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Edward Blake

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Title: Edward Blake  
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Subject: Oliver Mowat, Liberal Party of Canada, List of federal by-elections in Canada, Blake, Cassels & Graydon, John A. Macdonald
Collection: 1833 Births, 1912 Deaths, Anti-Parnellite Mps, Canadian Anglicans, Canadian People of Anglo-Irish Descent, Canadian Queen's Counsel, Chancellors of the University of Toronto, Irish Parliamentary Party Mps, Lawyers in Ontario, Leaders of the Liberal Party of Canada, Leaders of the Ontario Liberal Party, Leaders of the Opposition (Canada), Members of the House of Commons of Canada from Ontario, Members of the Parliament of the United Kingdom for Irish Constituencies (1801–1922), Members of the Queen's Privy Council for Canada, Persons of National Historic Significance (Canada), Premiers of Ontario, Treasurers of the Law Society of Upper Canada, Uk Mps 1892–95, Uk Mps 1895–1900, Uk Mps 1900–06, Uk Mps 1906–10, Upper Canada College Alumni
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Edward Blake

The Honourable
Dominick Edward Blake
The Hon. Dominick Edward Blake
2nd Premier of Ontario
In office
December 20, 1871 – October 25, 1872
Monarch Victoria
Lieutenant Governor William Pearce Howland
Preceded by John Sandfield Macdonald
Succeeded by Oliver Mowat
Personal details
Born (1833-10-13)October 13, 1833
Adelaide Township, Upper Canada
Died March 1, 1912(1912-03-01) (aged 78)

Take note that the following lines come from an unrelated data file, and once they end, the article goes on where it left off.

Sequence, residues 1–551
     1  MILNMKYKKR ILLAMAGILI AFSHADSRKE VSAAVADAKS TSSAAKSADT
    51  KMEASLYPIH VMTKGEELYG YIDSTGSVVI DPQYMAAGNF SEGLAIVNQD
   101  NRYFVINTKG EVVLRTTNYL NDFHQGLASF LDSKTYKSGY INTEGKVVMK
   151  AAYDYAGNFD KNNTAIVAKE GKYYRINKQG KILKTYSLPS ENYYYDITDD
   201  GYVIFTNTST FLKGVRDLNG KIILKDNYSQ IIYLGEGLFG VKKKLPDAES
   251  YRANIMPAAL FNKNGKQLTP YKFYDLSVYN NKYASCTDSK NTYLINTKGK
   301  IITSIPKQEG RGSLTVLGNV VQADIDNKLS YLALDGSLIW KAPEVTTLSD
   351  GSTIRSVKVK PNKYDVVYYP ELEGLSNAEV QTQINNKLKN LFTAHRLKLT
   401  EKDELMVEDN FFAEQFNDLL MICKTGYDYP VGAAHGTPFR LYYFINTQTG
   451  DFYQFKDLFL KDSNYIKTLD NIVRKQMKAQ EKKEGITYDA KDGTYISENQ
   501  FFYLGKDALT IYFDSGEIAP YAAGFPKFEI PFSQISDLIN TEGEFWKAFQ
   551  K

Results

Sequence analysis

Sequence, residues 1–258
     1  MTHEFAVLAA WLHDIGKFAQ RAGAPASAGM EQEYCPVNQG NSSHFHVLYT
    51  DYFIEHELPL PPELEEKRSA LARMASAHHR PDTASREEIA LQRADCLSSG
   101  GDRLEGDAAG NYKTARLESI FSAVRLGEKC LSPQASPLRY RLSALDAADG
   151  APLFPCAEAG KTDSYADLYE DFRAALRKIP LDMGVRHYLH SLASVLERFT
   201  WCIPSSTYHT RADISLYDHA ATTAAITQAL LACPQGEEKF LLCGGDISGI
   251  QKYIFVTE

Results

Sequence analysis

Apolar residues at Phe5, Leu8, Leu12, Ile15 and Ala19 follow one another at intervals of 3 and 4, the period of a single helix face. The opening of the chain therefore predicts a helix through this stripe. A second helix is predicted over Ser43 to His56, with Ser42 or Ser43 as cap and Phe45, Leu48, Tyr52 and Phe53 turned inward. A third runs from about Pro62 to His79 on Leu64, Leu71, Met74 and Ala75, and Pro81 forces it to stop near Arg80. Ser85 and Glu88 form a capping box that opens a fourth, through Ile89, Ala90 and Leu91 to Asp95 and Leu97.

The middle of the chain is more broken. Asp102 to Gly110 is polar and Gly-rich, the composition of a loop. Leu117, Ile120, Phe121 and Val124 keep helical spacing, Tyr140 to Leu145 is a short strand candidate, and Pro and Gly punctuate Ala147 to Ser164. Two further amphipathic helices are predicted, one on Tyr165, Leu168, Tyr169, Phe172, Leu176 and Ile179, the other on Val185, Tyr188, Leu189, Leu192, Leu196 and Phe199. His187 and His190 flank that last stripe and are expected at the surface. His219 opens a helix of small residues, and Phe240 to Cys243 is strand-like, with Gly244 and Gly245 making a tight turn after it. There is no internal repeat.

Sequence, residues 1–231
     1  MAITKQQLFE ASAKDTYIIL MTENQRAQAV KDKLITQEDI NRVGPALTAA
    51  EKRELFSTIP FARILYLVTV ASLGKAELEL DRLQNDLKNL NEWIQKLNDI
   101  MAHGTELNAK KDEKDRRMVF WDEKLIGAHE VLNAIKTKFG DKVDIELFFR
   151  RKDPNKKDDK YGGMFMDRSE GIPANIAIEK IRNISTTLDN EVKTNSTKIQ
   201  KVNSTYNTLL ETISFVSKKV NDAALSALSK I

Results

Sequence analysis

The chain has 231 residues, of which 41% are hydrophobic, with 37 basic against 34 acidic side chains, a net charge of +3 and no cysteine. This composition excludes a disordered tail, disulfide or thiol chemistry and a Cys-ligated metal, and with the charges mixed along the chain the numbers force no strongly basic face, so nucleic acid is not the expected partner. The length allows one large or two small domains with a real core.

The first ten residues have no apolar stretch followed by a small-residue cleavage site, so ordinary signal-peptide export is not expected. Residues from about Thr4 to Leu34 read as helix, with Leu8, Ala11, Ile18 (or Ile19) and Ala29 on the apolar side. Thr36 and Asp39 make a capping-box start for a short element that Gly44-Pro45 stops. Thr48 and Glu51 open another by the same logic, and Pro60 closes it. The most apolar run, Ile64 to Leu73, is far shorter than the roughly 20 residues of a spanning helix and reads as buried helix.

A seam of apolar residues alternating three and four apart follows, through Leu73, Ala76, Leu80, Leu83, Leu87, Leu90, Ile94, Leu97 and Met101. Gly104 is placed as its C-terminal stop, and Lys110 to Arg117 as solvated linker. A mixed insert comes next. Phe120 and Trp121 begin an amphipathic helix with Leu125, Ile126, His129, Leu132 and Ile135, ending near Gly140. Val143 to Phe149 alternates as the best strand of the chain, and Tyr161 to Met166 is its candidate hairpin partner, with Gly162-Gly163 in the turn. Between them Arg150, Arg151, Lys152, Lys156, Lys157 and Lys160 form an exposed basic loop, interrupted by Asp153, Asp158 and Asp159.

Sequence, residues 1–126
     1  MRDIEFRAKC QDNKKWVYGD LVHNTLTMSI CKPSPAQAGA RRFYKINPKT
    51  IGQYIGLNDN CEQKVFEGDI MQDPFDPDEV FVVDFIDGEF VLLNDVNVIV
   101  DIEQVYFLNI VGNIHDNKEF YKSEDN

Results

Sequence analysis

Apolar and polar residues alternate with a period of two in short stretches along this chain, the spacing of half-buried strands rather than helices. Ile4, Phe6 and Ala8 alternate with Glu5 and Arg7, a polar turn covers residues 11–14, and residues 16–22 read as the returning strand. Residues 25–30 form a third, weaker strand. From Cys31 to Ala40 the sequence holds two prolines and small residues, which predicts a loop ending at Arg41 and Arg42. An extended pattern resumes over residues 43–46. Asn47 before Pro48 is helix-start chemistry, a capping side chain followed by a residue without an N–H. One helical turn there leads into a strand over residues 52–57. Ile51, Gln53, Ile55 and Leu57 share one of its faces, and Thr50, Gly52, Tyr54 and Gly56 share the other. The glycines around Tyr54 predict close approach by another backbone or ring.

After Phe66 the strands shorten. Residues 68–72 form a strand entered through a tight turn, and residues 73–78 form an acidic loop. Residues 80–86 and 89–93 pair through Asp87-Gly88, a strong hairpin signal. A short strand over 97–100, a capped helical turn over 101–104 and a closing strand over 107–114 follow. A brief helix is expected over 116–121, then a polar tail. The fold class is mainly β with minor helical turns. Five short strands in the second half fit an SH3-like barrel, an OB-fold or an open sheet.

Toronto, Ontario
Political party Ontario Liberal Party
Other political
Liberal Party of Canada
Irish Parliamentary Party (Anti-Parnellite)[1]
Spouse(s) Margaret Cronyn
Relations William Hume Blake, father
Benjamin Cronyn, father-in-law
George MacKinnon Wrong, son-in-law
H. H. Wrong, grandson
Religion Anglican

Dominick Edward Blake, PC, QC (October 13, 1833 – March 1, 1912), known as Edward Blake, was the second Premier of Ontario, Canada, from 1871 to 1872 and leader of the Liberal Party of Canada from 1880 to 1887. He is one of only three federal permanent Liberal leaders never to become Prime Minister of Canada, the others being Stéphane Dion and the latter's immediate successor Michael Ignatieff. He may be said to have served in the national politics of what developed as the affairs of three nationalities: Canadian, British, and Irish. Blake was also the founder, in 1856, of the Canadian law firm now known as Blake, Cassels & Graydon LLP.


  • Early years 1
  • Political career 2
  • Contributions to Canadian federalism 3
  • Family 4
  • References 5
  • External links 6

Early years

Blake was born in 1833, in Adelaide Township, Upper Canada (Ontario) the son of William Hume Blake and Catherine Honoria Hume, and was educated at Upper Canada College.[2]

In 1856, after Blake was called to the bar, he entered into partnership with Stephen M. Jarvis in Toronto to practice law. When his brother Samuel Hume Blake joined soon thereafter, it was Blake & Blake and today the firm is known as Blake, Cassels & Graydon LLP.[3]